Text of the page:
Mar 272014
 

Another lawsuit has been filed against Maricopa County Community College District. From the press release by the law firm:

Gallagher & Kennedy has served the Maricopa County Community College District with another notice of class-action claims on behalf of approximately 2.5 million students, parents and others whose private, confidential information was compromised in a massive data breach. The information included names, addresses, phone numbers, e-mail addresses, Social Security numbers, dates of birth, demographic information, and as-yet-unspecified “enrollment, academic and financial aid information.” In April 2013, the FBI notified the District that this information was available for sale on the internet. Since then, the District has publicly acknowledged that the data breach “was due to substandard performance of [the District’s] IT workers,” and that the District had previously been notified of security vulnerabilities which went unaddressed. Moreover, the District’s counsel has disclosed that before beginning to notify those affected by the breach, the District took “remedial” action which prevented consultants from determining the extent to which the data had been accessed without authorization.

Unlike other potential claimants, the claimant in this notice, who has been adjunct faculty at MCCCD for a number of years, recently became a victim of ID theft. The complaint has been redacted by the law firm prior to uploading to their site:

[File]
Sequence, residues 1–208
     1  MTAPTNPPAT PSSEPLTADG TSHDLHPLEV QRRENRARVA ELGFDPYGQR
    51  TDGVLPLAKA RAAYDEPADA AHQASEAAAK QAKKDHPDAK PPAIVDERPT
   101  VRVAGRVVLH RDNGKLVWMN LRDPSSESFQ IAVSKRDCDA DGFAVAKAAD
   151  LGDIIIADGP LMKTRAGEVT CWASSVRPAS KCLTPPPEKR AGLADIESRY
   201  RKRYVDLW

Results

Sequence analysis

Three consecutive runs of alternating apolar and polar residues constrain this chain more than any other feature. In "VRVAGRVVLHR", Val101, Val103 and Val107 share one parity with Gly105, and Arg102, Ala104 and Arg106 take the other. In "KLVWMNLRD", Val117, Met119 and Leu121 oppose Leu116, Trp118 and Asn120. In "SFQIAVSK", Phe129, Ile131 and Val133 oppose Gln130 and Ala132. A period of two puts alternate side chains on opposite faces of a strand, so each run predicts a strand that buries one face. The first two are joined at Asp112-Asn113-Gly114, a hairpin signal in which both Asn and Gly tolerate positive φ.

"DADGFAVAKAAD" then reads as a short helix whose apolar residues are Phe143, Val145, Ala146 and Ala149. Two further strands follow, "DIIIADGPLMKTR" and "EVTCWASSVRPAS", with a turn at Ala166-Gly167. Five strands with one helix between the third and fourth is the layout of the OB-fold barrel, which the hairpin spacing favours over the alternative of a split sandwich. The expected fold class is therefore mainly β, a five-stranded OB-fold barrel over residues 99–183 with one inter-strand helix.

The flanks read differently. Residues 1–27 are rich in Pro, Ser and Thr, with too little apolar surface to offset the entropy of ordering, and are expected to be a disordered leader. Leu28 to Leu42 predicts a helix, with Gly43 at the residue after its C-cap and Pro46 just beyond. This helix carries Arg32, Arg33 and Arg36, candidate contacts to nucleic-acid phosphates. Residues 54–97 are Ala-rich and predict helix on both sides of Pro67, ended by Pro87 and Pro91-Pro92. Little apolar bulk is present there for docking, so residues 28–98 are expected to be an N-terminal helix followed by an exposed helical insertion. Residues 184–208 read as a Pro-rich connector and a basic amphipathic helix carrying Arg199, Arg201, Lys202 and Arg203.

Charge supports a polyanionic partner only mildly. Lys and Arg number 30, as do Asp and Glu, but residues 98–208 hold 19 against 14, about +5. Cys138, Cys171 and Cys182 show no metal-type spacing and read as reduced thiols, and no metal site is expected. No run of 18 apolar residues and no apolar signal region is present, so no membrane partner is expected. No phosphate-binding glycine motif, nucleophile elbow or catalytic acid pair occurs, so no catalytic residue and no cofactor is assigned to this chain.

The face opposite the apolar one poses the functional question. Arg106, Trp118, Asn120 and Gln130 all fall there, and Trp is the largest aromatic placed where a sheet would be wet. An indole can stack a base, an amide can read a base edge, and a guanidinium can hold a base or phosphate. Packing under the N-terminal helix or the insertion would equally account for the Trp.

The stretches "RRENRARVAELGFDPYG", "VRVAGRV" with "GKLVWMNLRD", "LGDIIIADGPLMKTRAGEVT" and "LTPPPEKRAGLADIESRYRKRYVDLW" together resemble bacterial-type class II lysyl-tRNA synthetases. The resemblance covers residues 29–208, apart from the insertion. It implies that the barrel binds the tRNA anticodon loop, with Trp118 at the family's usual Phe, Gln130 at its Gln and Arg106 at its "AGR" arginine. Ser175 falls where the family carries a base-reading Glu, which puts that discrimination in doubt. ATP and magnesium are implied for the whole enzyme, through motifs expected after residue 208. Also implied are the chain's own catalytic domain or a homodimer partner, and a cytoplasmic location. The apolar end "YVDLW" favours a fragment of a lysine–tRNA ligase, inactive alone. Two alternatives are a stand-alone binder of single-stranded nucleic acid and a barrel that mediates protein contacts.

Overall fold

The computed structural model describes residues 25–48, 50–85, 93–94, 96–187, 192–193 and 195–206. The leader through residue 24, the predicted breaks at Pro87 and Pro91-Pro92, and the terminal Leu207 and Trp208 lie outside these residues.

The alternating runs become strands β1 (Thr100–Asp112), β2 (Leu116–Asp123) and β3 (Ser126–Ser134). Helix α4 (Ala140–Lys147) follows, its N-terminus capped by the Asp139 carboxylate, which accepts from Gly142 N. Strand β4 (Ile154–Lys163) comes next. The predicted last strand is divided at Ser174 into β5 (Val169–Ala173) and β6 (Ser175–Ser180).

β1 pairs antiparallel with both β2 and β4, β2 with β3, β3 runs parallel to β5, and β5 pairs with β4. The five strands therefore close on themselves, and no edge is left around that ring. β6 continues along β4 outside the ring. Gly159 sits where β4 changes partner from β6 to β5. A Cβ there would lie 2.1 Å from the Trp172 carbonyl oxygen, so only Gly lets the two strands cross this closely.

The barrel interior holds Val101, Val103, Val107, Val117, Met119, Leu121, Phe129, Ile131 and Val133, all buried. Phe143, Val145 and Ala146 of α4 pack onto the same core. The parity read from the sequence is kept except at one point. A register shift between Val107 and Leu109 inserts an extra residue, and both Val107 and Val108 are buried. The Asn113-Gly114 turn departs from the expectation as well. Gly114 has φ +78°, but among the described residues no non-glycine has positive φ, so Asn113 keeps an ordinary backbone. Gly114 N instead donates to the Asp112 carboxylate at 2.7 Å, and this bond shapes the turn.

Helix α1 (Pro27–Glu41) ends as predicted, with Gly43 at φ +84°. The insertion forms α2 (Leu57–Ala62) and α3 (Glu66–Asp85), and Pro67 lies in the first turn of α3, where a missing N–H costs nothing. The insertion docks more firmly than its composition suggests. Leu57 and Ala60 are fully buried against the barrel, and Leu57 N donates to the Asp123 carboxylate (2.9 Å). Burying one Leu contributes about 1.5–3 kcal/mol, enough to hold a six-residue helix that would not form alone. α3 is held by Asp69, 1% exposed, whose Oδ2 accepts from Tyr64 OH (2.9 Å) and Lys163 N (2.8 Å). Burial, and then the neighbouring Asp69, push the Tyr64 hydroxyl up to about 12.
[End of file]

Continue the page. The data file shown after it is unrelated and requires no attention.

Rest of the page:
Although [redacted] is very sensitive to the potential for identity theft, and takes great care to protect the secrecy of her PII, a thief with access to her PII recently opened a BillMeLater credit account in her name, using, among other things, her full name, address, date of birth and Social Security Number – information clearly obtained by the identity thief from the District’s 2013 Breach. [redacted] was extremely fortunate in that she already had a PayPal account when the thief attempted to steal her identity. Because BiliMeLater is affiliated with PayPal and PayPal had [redacted] email address on file with her existing account. The discrepancy between that email address and the one provided by the thief led BillMeLater to make contact with [redacted] directly, at which point she learned of the fraud. Nonetheless [redacted] experience (and that of many other class members) confirms that the PII available on the internet was in fact misappropriated, has in fact has been misused, and will in fact be misused in the future. And notwithstanding [redacted] efforts to respond to the situation (for example, filing reports with the police and FTC and putting fraud alerts on her credit), there is nothing she can do about the fact that her PII was disclosed to one or more criminals whose identity remains unknown, and that confidential information will remain in the public domain permanently.

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